To some, yesterday might have just seemed like a normal Sunday afternoon. I was in Indianapolis visiting my fiancé, Anna, and we had just spent the weekend exploring the city. It was incredibly hot, and even more humid, which I tend to expect in the Midwest in the month of June. But yesterday was anything but normal. The exact date of yesterday was June 26, 2016: one year to the day of the Supreme Court’s decision ruling that gay marriage was legal in ALL 50 states.
Yesterday was a day for celebration! A celebration of the basic human right to get married to the person that you love. The LGBT Pride Parades in Chicago and New York City both took place on this one year anniversary of tremendous progress for our nation. Today, as I sit and reflect on the fact that only one year and two days ago, a mere 367 days, it was actually legal for a city or county clerk to deny the marriage license of two men or two women trying to get married is an incredibly sobering thought. It is even more sobering within the context of the massacre at the Orlando Pulse gay nightclub. To see a day that is supposed to be filled with so much joy and celebration have a dark cloud of fear and anger cast over it is truly tragic.
Over the past couple of weeks, I have witnessed a myriad of responses to the Orlando shooting, ranging from disgusting and hateful, to beautiful and unifying. And if these opposing words don’t do justice to just how polarized our nation is, then listening to the responses by politicians on the left and right certainly will. Most of the arguments have gone something like this:
“The reason for the Orlando massacre was all about radical Islamic terrorism.” –Basically any conservative pundit, politician, or talk-show host. ”
“The reason for the Orlando massacre was all about the lack of gun control in our nation.” –Basically any liberal pundit, politician, or talk-show host.”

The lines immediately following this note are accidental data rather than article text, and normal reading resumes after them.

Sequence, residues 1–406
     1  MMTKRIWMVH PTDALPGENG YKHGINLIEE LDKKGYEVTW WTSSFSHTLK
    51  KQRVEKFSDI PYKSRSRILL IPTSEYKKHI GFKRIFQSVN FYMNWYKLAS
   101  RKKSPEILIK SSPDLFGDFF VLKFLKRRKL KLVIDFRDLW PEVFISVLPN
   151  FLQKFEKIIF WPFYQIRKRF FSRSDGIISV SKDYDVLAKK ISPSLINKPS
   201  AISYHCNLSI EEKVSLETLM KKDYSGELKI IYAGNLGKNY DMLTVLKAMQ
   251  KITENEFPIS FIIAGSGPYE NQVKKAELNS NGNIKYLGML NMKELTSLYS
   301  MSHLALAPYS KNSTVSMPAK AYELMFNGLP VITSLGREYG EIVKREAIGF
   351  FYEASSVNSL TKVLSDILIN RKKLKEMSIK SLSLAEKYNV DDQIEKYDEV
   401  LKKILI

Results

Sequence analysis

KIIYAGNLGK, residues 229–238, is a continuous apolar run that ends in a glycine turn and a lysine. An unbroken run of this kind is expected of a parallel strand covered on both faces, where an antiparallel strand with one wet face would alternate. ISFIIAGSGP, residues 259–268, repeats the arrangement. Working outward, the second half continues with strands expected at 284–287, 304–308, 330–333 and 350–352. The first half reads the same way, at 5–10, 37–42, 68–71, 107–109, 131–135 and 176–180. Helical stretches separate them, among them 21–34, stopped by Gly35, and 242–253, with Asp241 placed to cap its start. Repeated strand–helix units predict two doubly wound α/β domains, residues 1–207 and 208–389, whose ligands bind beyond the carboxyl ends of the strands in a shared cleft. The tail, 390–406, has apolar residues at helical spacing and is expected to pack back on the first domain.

Now before you undoubtedly make up your mind about which camp is “right” based on your strongly held political convictions, please take a moment and consider the fact that both of these arguments have completely skipped over the victims of this terrible, terrible tragedy. This wasn’t just any nightclub that was attacked by a maniac armed with an assault rifle and a handgun. Pulse nightclub is a gay nightclub. A safe-haven for so many members of the LGBT community, who often don’t have any other spaces to feel completely free to be exactly who they are. Pulse nightclub was supposed to be a refuge from the hateful rhetoric often faced at the hands of bigots, Churches, and a staggering amount of “everyday Americans.” The worst part of this tragedy is that it ripped that safety away.
As Anna and I were doing some devotions and reading the Bible together last night in her apartment, we started talking about Christianity and homosexuality. You know, one of those easy, cut and dry topics in the Bible. *See that my sarcasm flag is raised here just to clear up any potential confusion. As we talked about our experiences, thoughts, and beliefs, I thought back to a conversation I had with my parents about another controversial topic discussed thoroughly in the Church: women in leadership roles. I was asking them about how our church, Mars Hill, had addressed that issue when it arose so many years ago when I was too young to understand.
My parents told me that Rob Bell, our pastor at the time, did a series of sermons on this topic, and it was definitely controversial for plenty in our congregation. Apparently there were a substantial number of members who just couldn’t get down with his idea that women in the Church can have leadership roles. My parents explained to me that Rob Bell taught that the story of the Bible was a story about movement. That Jesus was someone who came to Earth to die for the sins of the world and start a movement. That’s why so many disciples took up the call and followed him. He was an extremely radical leader for that time period, and the pharisees took note of that, and hated him for what they perceived as “false teaching,” “too radical,” or even “un-lawful.”